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Khan, Irum Nawaz
Languages: English
Types: Unknown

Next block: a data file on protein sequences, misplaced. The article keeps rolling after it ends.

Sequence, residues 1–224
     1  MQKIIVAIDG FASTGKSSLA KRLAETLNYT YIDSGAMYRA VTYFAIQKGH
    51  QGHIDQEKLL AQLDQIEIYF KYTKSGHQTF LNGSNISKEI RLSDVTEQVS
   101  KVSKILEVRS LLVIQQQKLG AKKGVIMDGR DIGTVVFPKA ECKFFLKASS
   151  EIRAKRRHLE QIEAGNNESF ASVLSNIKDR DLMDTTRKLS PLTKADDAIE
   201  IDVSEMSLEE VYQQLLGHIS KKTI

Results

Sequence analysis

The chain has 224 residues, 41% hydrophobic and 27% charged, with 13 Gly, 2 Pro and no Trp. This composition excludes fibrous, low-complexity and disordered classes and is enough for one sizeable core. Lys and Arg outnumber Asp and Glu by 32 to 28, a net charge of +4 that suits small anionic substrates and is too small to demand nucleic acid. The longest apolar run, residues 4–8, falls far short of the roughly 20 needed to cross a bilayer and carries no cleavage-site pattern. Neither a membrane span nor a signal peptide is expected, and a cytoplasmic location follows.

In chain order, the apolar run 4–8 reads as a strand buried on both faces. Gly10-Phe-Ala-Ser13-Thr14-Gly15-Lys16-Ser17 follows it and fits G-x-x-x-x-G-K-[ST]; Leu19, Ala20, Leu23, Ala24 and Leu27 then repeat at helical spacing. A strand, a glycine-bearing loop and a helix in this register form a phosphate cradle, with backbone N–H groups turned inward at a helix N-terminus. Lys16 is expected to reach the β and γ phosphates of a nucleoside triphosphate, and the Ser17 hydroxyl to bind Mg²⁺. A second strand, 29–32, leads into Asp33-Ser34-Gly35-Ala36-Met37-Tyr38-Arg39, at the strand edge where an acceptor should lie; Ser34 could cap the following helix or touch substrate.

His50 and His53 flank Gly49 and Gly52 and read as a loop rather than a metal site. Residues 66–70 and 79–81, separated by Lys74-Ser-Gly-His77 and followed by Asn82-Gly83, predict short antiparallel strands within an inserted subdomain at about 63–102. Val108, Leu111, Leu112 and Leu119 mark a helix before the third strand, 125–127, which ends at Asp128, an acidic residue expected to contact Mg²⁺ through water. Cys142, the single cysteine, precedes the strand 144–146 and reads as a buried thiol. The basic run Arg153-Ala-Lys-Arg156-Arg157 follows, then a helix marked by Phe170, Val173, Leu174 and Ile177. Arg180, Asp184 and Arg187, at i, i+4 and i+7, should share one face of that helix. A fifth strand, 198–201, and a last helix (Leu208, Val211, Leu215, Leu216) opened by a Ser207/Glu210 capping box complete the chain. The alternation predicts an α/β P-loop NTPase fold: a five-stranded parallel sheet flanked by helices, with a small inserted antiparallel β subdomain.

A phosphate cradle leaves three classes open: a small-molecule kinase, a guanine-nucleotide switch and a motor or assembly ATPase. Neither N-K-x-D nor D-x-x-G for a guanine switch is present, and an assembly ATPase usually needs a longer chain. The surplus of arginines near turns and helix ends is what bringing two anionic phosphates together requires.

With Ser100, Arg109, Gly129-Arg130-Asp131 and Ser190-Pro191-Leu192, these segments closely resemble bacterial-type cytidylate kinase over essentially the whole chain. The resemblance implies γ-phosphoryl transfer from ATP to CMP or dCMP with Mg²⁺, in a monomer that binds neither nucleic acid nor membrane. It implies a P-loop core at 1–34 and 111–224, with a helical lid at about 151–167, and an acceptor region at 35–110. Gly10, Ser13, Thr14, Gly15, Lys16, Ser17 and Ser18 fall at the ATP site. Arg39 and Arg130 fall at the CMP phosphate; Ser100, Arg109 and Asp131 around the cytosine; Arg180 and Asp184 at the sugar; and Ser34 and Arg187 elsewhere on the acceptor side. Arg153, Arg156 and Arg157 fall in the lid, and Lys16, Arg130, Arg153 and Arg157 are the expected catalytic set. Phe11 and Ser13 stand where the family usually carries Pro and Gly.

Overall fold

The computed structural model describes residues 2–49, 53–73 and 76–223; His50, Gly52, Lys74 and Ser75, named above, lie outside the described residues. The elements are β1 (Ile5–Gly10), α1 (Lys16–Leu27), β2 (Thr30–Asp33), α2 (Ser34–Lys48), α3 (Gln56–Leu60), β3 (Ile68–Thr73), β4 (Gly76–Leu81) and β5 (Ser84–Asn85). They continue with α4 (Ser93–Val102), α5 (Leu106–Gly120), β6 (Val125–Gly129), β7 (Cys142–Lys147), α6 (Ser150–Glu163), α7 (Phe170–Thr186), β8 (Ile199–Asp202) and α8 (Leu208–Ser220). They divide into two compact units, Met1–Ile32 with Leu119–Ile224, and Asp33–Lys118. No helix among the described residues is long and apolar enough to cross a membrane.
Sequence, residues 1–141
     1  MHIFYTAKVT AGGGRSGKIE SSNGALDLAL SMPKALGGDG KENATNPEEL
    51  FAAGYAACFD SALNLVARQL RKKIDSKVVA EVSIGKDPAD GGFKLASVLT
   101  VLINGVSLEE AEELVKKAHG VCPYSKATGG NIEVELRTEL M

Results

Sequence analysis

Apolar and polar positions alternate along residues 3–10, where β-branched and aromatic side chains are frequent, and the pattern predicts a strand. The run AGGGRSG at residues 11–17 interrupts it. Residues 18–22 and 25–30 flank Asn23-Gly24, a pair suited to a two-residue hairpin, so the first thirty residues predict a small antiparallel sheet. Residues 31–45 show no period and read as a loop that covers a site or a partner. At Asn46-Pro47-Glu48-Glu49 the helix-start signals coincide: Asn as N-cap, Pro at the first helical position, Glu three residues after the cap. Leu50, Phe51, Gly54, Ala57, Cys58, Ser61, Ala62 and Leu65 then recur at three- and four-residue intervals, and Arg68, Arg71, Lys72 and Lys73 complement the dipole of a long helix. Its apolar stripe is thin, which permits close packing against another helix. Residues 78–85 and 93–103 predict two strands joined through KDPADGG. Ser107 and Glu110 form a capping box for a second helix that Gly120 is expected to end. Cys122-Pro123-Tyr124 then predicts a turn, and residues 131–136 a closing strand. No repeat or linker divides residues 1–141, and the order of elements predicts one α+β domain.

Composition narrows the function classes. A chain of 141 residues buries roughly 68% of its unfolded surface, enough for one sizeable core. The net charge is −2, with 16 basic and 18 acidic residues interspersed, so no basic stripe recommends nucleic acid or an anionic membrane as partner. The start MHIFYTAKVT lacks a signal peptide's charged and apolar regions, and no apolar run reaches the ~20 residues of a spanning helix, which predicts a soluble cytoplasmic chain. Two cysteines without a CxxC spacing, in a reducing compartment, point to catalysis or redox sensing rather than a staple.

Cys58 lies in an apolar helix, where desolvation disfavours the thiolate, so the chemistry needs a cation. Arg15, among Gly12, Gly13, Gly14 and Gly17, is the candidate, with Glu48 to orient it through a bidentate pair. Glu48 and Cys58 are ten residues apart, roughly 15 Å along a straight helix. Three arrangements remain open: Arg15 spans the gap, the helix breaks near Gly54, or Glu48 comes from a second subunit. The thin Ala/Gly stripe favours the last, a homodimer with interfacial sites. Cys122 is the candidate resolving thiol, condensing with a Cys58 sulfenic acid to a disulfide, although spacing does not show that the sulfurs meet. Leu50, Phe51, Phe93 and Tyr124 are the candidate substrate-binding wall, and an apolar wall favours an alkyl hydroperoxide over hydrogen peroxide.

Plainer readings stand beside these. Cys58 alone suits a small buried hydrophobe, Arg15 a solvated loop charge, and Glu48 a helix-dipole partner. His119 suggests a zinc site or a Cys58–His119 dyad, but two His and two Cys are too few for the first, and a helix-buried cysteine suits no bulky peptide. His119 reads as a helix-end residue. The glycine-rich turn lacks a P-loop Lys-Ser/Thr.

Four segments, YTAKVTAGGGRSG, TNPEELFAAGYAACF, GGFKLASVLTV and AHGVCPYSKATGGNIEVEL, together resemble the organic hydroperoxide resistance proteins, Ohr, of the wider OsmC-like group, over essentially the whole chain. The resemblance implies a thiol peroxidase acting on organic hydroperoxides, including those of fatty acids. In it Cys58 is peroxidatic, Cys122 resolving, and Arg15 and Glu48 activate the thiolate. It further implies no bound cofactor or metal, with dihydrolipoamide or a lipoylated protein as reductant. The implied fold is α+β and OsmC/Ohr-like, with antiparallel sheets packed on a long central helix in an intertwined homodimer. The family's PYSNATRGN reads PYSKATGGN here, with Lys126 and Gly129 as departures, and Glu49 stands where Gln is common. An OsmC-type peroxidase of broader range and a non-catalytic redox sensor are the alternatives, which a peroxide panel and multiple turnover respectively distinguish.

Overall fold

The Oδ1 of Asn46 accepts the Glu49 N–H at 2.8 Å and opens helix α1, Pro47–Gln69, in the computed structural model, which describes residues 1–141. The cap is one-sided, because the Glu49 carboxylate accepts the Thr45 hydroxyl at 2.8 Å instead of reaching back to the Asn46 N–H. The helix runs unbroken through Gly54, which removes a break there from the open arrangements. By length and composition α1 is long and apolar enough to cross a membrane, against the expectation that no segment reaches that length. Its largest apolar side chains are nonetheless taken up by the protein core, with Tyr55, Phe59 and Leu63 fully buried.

OBJECTIVE This thesis examines sex differences in the structural properties of the corpus callosum (CC) during adolescence and investigates the possible role of sex hormones in the development of these sex differences, as well as hormonal effects on the inter-individual variations in the structure of the CC in young women. DESIGN This thesis is conducted on three separate study samples: 1) the Saguenay Youth Study (SYS) sample (n=737); 2) the IMAGEN Study sample (n=1,979); and 3) the Cycle Study sample (n=26). The SYS and IMAGEN studies are large-scale studies carried out with magnetic resonance imaging (MRI) in typically developing adolescents from Canada (12 to 18 years) and Europe (13 to 15 years), respectively. In these studies, the “sex hormone-CC” relationship is explored by examining the association between the CC and: testosterone level, duration of sex hormone exposure (since menarche), puberty stage and contraceptive use. The Cycle study examines the CC of 13 freely cycling and 13 oral contraceptives (OCP) using young women (18 to 30 years) scanned using MRI across four separate phases of their menstrual cycle. Freesurfer-based computational anatomy is used to estimate the volume of the total corpus callosum and its segments in all three studies. Magnetization transfer imaging (MTI) is used to assess microstructural properties of the corpus callosum in the Cycle study. RESULTS The relative volume of the corpus callosum is seen to be sexually dimorphic in both the SYS and IMAGEN adolescents with a female versus male advantage that is particularly significant for the anterior, central and posterior segment of the corpus callosum; the mid-anterior segment is larger in males versus females. Pubertal stage of adolescent boys (SYS) demonstrates a negative correlation with the relative volume of the anterior CC and a positive correlation with the relative volume of the mid-anterior CC. These associations are consistent with the sex differences observed (anterior: F>M; mid-anterior: M>F), thus suggesting that male sex hormones that are responsible for inducing pubertal development of boys may play a role in generating the sexually dimorphic volume of the corpus callosum in a region-specific manner. Contraceptive use in adolescent girls (SYS and IMAGEN) is negatively associated with the relative volume of the corpus callosum. In addition, the Cycle study demonstrates a trend for lower MTR values in women using contraceptives versus freely cycling women, thus suggesting that the natural sex steroids suppressed by use of oral contraceptives may exert a positive effect on the volume of the CC, possibly by increasing the degree of myelination. The Cycle study demonstrates an increase in the relative volume of the total corpus callosum of freely cycling women from the ovulatory to the luteal phase with corresponding decreases in the MTR value of the total CC. This finding suggests that increased production of progesterone during the luteal phase may cause an increase in the relative volume of the CC, possibly by increasing the axonal calibre. CONCLUSION Sex steroids influence the structure (relative volume and MTR) of the corpus callosum.
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